"Zombie It"--A phrase coined by Eric, taken to mean completing a task in barely comprehensive state of mind.
Used in a sentence: “We’re going to get home from the Officer’s Ball at about 4 am, then zombie it to the 7 am train to Prague the next morning.”
Of course, fourteen college kids can’t expect to meet in the lobby at six in the morning following a ball without some snooze button action. As a result of cutting it a little too close to departure time, we ended up tearing through the tram and train stations Amazing Race style, which was pretty impressive considering we were mentally about 4% awake and physically mostly broken from wearing heels for eight hours.
After five hours (and a particularly beautiful sunrise), we got off the train in Prague--a city we knew little about except that we had a place to stay. And holy cow, Czech is a totally different language, let me tell you. Until last weekend, I didn’t even know accent marks could be over the letter ‘r.’
Along the same lines, exchanging money was both a nightmare and a learning experience. Currently, one euro equals about 27 Czech Crowns, meaning a brownie at Starbucks costs 65 CZK. A glance at my receipt left me panicked at the thought of blowing $65 on a brownie. I may love chocolate, but not that much. I use Starbucks as an example because it was the one place in Old Town Square with powerful heat and free bathrooms, and as it was freezing and raining, we used it as a sort of home base. If you could fight off the other hypothermic tourists for a free table, that is.
We walked around doing the usual things--the astronomical clock, the Charles Bridge, the St. Nicholas Church, all the while marveling at the street performers. There were your traditional musicians and Segway tours, but there was also a man blowing huge bubbles, a puppet of a baby with the head of a man that cried, and a man who just stood in a doorway holding a carving of a rooster and made chicken noises at select passersby.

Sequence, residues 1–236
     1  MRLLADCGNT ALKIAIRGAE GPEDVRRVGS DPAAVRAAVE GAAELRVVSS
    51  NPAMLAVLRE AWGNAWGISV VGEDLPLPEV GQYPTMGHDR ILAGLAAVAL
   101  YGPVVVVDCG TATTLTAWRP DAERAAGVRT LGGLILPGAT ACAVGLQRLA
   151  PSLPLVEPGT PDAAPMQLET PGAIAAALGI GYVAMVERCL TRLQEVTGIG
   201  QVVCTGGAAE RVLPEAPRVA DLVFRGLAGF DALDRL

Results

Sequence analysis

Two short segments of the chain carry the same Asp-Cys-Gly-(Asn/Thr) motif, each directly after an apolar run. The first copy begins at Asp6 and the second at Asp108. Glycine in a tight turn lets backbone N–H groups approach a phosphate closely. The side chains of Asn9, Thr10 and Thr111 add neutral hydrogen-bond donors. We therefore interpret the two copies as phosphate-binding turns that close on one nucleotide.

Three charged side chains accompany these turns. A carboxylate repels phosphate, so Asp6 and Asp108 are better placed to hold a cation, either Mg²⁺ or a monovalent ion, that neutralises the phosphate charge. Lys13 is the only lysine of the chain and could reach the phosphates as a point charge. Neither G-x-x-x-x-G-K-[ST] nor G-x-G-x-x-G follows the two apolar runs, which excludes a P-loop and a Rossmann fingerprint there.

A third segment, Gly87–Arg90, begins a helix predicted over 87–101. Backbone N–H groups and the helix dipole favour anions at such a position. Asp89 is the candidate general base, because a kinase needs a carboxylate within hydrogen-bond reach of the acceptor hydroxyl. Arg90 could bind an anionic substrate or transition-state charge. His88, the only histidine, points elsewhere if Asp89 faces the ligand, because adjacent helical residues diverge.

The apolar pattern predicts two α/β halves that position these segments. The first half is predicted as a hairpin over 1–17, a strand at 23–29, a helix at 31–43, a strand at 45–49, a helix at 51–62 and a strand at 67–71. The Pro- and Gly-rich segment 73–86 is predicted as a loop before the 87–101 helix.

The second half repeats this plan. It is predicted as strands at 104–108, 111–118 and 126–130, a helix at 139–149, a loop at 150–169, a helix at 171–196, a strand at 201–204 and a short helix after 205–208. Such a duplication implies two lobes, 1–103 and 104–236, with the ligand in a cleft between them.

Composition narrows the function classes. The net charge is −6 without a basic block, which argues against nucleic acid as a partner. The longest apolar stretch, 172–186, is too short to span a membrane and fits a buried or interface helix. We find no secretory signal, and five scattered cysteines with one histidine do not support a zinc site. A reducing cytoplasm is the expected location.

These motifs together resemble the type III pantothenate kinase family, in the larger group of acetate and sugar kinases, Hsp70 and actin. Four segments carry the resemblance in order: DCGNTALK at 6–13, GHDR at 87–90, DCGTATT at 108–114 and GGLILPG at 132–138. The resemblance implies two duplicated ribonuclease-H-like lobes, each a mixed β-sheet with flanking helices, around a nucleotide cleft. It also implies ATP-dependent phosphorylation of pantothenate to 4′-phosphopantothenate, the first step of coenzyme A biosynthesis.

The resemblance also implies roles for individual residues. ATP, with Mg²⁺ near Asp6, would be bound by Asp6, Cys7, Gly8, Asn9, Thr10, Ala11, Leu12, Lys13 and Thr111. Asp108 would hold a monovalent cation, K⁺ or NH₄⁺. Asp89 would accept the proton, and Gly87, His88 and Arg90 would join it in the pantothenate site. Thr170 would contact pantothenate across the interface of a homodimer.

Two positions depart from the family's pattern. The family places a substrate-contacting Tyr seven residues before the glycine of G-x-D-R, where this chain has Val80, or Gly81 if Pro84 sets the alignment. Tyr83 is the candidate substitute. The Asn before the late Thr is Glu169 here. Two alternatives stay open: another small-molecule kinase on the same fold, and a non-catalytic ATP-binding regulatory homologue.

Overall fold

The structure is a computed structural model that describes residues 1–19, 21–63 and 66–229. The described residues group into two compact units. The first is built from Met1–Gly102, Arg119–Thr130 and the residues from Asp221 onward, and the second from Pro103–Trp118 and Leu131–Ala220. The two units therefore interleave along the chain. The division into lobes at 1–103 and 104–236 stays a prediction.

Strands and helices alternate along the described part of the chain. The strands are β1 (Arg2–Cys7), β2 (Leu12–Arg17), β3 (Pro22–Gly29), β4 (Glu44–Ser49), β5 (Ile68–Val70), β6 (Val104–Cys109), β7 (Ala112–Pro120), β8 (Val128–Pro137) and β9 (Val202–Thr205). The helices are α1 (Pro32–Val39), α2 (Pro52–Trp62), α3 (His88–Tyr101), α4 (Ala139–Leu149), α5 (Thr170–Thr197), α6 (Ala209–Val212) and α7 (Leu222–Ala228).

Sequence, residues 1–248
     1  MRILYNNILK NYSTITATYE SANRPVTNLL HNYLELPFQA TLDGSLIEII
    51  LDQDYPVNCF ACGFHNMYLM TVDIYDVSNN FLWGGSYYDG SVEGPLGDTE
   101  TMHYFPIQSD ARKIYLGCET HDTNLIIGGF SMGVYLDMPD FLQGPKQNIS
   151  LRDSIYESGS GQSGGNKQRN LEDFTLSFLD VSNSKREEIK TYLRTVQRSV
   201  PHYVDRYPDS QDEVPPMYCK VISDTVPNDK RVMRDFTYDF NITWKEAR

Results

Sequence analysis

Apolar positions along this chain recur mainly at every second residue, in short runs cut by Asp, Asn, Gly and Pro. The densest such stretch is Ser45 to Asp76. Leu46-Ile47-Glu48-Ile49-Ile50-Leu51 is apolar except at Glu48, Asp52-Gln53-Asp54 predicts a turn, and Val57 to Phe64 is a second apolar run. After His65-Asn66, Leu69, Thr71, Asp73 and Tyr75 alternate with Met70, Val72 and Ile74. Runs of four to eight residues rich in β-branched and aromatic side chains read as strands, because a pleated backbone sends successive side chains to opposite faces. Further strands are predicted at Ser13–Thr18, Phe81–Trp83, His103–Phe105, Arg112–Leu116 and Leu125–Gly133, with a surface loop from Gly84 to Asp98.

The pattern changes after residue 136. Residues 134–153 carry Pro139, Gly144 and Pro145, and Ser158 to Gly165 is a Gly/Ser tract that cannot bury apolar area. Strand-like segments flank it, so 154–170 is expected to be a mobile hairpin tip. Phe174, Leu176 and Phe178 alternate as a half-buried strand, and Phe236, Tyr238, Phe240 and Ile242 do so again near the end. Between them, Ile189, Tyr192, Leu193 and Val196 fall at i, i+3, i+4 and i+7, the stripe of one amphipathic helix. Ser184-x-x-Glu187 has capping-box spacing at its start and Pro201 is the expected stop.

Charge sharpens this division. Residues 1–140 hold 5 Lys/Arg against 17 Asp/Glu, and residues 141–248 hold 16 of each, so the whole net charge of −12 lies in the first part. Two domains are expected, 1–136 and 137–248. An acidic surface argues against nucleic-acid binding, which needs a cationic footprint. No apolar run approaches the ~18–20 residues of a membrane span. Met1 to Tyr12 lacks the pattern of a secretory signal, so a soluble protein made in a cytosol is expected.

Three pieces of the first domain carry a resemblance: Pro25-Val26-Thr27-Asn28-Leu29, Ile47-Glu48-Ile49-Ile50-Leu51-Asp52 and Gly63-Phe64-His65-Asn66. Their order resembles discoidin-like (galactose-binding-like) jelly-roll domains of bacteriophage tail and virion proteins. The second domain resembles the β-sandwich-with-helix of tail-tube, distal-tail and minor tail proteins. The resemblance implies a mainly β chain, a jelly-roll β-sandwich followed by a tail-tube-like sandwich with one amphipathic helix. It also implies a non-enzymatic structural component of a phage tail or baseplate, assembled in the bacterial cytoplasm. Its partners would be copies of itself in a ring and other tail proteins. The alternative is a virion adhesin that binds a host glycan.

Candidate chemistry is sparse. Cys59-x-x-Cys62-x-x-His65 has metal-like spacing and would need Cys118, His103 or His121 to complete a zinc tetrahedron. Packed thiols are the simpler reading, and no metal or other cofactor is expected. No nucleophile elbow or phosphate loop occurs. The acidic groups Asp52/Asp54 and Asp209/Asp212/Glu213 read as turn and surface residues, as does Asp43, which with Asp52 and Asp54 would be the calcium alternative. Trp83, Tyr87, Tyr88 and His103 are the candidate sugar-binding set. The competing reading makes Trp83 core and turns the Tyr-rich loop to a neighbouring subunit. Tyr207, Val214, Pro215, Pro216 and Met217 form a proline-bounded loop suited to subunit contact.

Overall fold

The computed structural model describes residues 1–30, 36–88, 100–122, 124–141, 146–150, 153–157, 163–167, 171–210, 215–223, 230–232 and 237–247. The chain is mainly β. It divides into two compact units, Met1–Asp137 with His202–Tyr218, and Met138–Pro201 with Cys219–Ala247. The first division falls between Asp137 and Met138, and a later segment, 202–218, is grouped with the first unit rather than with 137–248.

As the night came to a close, we took the tram to a college campus in the city where a friend of an LCSO member attends school. We got a great deal on dorm rooms, plus the inside scoop on college life in the Czech Republic. It’s pretty much the same as over here except they’re allowed to smoke in the building and they all have their own personal WiFi networks with funny names like BigPapa. Oh, and you have to bring your own toilet paper to the bathroom. Thank goodness there were rolls waiting for us in the room.
The next morning was spent at the Prague Castle, which is maybe the tourist capital of Europe, or it was on that day at least. In any given room, there were at least three different languages being spoken, and during the changing of the guards (which was so crowded it looked like what I imagine the gates outside the Royal Wedding looked like) I probably heard about ten at once. That was pretty much all I got out of the ceremony, as it really helps the visual experience to be taller than 5’4’’ in such situations.
After a few more hours of exploration (and getting lost, because a straightforward square block of buildings or parallel street is rare), we made it to the train station, minus a group of four who had decided to break off and go to the Beethoven Museum. As our train was scheduled to leave at 4:42, you can imagine our distress at 4:32 when they still hadn’t arrived.
Upon their 4:34 arrival, we once again proved our sprinting skills and made it on the train home with six minutes to spare. We got off the train in Vienna with hundreds of stories, aching shoulders from hours of carrying backpacks, and a new appreciation for the comparatively comprehensible German language.